Performance Pay: Florida

Retaining Effective Teachers Policy


The state should support performance pay but in a manner that recognizes its appropriate uses and limitations.

Best Practice
Suggested Citation:
National Council on Teacher Quality. (2011). Performance Pay: Florida results. State Teacher Policy Database. [Data set].
Retrieved from:

Analysis of Florida's policies

Starting in 2014, Florida will require that districts tie teacher compensation to teacher performance. 

A teacher determined to be highly effective will receive a salary increase that must be greater than the highest annual salary adjustment available to that individual through any other salary schedule adopted by the school district. A teacher determined to be effective will receive a salary increase between 50 and 75 percent of the annual salary increase provided to a highly effective teacher.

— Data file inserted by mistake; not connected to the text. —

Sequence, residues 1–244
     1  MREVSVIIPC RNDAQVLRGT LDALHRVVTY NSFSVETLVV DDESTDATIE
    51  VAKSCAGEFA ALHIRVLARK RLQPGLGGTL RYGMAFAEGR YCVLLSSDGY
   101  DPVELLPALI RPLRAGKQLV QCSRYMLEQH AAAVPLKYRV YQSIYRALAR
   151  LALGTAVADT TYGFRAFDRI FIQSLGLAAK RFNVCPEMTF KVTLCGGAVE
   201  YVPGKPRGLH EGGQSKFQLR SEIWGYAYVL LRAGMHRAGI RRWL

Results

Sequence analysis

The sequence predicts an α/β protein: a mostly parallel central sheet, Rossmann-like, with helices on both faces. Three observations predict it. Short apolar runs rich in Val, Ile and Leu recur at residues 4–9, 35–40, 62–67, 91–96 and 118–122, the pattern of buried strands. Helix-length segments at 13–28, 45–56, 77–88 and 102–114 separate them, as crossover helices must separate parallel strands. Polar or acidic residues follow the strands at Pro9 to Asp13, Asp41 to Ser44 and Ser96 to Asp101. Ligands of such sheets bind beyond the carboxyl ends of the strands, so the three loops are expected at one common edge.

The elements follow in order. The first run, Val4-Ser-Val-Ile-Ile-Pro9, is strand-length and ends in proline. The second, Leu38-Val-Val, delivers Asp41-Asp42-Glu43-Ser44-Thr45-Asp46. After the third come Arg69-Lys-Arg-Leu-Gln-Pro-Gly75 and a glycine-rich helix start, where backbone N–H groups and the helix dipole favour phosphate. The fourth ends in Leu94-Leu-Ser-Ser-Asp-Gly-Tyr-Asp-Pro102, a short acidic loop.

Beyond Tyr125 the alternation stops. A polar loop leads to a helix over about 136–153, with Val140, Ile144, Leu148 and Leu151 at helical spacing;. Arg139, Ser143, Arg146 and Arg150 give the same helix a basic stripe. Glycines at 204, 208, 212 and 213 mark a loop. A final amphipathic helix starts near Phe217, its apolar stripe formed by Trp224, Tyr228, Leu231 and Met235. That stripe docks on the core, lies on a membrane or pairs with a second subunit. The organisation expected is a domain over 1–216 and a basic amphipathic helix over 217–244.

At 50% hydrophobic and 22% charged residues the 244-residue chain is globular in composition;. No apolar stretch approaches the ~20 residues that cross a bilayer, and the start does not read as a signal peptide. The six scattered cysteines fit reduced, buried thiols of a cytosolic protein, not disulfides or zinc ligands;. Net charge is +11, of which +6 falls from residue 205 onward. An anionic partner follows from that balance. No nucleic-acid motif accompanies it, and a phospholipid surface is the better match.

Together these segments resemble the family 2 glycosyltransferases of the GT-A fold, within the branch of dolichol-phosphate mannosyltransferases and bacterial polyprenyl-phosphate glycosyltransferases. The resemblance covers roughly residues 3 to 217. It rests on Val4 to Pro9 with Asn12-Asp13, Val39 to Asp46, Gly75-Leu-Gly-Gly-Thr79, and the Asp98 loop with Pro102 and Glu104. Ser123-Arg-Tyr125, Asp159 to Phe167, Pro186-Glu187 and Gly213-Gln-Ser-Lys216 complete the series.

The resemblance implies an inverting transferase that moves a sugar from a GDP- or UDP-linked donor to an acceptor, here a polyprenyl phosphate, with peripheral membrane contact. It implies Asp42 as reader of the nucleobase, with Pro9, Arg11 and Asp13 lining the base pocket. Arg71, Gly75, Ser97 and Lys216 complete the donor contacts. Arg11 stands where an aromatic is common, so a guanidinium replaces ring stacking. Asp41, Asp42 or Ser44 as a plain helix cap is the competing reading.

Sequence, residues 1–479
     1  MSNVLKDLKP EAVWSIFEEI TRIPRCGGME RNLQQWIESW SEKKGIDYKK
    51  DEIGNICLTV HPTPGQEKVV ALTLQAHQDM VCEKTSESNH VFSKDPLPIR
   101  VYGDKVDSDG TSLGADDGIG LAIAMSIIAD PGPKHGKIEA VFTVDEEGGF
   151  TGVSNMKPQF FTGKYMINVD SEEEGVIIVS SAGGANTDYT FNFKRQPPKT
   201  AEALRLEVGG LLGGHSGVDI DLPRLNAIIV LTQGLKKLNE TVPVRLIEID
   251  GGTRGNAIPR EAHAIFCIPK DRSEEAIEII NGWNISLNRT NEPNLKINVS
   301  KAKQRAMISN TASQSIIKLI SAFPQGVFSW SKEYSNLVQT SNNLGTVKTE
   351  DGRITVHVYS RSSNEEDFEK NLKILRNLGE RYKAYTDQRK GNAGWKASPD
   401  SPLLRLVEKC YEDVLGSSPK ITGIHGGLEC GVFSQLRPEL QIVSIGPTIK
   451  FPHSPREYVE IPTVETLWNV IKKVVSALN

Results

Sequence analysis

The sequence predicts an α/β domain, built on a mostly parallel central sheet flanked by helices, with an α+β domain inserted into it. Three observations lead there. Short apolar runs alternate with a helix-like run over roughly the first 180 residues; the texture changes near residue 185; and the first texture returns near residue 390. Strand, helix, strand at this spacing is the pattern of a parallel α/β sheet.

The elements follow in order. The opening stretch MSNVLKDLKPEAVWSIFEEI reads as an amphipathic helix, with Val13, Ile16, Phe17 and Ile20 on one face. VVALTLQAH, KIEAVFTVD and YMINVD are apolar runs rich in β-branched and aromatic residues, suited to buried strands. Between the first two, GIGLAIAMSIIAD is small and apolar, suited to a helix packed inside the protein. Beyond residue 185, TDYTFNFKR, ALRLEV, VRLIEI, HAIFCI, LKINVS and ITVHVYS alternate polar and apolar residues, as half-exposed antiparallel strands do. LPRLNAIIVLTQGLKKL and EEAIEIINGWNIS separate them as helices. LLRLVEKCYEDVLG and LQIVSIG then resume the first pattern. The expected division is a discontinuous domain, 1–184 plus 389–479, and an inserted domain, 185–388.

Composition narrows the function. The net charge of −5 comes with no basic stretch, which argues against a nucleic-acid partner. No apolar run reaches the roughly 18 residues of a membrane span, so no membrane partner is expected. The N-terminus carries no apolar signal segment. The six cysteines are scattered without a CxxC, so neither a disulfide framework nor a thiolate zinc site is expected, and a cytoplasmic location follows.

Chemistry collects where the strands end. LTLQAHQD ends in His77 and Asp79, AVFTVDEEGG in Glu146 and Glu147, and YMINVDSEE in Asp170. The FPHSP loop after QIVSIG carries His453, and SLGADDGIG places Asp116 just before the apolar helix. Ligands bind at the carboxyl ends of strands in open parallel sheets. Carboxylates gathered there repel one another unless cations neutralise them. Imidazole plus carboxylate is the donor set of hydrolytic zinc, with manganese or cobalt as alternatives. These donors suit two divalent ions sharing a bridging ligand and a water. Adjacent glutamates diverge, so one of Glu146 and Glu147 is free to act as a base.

Recommendations for Florida

State response to our analysis

Florida recognized the factual accuracy of this analysis.

Research rationale

Research on merit pay in 28 industrialized countries from Harvard's Program on Education Policy and Governance found that students in countries with merit pay policies in place were performing at a level approximately one year's worth of schooling higher on international math and science tests than students in countries without such policies (2011). 

Erik Hanushek found that a teacher one standard deviation above the mean effectiveness annually generates $400,000 in student future earnings for a class size of 20. See Hanushek, Erik A. "The Economic Value of Higher Teacher Quality," National Bureau of Economic Research, Working Paper 16606 (December 2010).

In addition, numerous conference papers published by the National Center on Performance Incentives reinforce the need to recognize the limitations and appropriate uses of performance pay. See: